The U.N. Transparency International has been issuing annual reports about corruption worldwide. The Middle East and North Africa have been among the leading regions in the world with high levels of corruptions. At a recent Arab government’ labor ministers’ annual meeting in Cairo (5/15/2011), it was revealed that the cost of corruption in Arab states has been estimated to be around $400 billion annually. Corruption exists at all levels and in both the public and private sectors of Arab society, and it is part of the daily activities. In a recently published book by Dr. A Farouk titled, “The Economic Cost of Corruption in Egypt”, Dr. Farouk provided extensive descriptions and analyses on how corruption takes place at the governmental, public and private levels. He estimated that the government spends around 70 billion Egyptian pounds annually on corruption and provides another 40 billion in various types of commissions on contracts related to the infrastructure of the society.
Despite the fact that the Egyptian Constitution Article 90 prohibits members of parliament and public officials from getting involved in commercial activities while in office, during ex-president Hosni Mubarak’s regime, government elites were actively involved in business activities on a large scale. According to Dr. Farouk, the corruption began to increase with the open door economic policy that began during the last two years of President Sadat’s regime.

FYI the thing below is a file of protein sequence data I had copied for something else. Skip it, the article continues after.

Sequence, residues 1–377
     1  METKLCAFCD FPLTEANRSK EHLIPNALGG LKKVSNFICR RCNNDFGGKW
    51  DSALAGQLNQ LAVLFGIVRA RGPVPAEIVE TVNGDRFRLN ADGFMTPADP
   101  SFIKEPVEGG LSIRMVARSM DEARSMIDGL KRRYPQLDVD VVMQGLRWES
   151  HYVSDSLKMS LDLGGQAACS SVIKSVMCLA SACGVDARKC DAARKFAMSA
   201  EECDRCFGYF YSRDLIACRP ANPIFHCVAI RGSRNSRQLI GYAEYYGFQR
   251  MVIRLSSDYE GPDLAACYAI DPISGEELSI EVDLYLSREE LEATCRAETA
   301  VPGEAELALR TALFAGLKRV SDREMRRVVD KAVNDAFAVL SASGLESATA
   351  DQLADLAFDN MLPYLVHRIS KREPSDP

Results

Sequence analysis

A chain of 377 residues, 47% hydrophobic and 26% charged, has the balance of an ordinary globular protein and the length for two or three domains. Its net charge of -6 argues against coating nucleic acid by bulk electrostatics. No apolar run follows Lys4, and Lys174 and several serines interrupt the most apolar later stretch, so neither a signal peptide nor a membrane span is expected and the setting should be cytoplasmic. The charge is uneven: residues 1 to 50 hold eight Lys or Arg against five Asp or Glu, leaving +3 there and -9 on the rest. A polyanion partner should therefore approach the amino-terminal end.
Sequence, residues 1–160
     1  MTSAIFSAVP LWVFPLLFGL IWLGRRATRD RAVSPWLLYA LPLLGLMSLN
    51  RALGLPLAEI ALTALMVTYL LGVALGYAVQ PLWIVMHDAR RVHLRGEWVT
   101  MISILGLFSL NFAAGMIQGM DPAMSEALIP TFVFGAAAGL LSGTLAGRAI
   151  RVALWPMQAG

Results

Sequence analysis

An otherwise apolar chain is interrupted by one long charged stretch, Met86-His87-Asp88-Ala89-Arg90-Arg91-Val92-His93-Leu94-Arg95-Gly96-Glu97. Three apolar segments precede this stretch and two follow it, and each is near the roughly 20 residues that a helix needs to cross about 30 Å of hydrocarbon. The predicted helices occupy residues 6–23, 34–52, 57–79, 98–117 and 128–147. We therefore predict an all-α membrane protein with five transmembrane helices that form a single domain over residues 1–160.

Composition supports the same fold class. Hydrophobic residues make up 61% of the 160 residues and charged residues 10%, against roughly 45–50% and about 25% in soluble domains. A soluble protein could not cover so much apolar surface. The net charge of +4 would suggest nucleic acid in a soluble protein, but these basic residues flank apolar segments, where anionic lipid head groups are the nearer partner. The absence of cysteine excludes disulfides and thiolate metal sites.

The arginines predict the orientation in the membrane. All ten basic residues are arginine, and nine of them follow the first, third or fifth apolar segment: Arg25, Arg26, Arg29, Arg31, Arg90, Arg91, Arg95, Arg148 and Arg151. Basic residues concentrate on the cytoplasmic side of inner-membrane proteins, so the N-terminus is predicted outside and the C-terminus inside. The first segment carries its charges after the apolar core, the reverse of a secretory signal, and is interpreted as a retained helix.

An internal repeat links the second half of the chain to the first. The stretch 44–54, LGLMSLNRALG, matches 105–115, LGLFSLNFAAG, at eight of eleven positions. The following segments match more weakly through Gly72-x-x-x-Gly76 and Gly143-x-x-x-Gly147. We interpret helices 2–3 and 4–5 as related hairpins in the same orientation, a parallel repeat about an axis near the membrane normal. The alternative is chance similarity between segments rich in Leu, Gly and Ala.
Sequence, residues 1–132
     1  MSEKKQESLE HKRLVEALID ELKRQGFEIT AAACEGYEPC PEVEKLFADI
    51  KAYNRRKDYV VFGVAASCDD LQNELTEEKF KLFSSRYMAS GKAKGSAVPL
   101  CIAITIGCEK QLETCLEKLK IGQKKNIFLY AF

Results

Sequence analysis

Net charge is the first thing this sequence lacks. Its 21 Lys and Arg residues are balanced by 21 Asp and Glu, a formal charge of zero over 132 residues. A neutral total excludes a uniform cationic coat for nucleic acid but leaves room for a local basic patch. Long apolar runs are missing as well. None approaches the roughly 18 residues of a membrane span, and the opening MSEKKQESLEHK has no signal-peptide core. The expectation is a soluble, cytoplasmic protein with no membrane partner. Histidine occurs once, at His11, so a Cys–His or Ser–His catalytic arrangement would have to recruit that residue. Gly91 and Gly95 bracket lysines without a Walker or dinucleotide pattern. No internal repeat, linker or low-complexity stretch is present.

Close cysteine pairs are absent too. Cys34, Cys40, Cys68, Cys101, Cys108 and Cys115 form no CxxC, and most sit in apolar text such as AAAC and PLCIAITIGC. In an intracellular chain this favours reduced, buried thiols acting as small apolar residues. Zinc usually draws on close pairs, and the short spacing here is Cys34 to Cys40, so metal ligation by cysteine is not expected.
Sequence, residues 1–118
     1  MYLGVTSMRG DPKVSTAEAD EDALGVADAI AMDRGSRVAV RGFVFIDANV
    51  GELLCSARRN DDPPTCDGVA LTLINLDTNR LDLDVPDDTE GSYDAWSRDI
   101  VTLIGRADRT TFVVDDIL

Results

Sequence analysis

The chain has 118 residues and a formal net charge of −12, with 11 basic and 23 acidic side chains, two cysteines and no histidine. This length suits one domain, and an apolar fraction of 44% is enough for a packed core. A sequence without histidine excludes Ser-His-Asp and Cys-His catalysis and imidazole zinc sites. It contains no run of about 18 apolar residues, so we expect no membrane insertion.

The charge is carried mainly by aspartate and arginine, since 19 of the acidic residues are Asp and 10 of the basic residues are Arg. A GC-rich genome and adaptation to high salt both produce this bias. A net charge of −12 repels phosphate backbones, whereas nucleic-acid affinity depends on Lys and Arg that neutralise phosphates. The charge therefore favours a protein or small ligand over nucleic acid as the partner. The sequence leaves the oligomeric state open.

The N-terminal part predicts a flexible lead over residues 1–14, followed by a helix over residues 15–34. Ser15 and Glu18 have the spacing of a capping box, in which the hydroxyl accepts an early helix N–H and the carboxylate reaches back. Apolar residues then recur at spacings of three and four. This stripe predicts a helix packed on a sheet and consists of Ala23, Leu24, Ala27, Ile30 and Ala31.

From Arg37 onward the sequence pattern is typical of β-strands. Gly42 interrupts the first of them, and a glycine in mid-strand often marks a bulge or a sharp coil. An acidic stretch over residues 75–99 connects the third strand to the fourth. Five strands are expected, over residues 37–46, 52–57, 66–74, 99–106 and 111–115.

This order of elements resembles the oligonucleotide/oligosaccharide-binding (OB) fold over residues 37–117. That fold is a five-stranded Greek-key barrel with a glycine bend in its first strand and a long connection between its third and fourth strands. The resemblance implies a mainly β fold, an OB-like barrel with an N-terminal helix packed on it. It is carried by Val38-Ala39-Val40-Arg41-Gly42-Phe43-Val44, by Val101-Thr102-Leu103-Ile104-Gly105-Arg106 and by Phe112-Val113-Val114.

Nevertheless, the policy of corruption was enhanced on a wide scale during the Mubarak regime. During the previous three decades and until his removal, high public official ignored the law and abused their authority by misusing public funds so that they and their families could become rich. Since the removal of the Mubarak regime after the January 25th revolution, many high government officials, including Mr. Mubarak and members of his family, have been under investigation. Some of them are under arrest until they appear in court.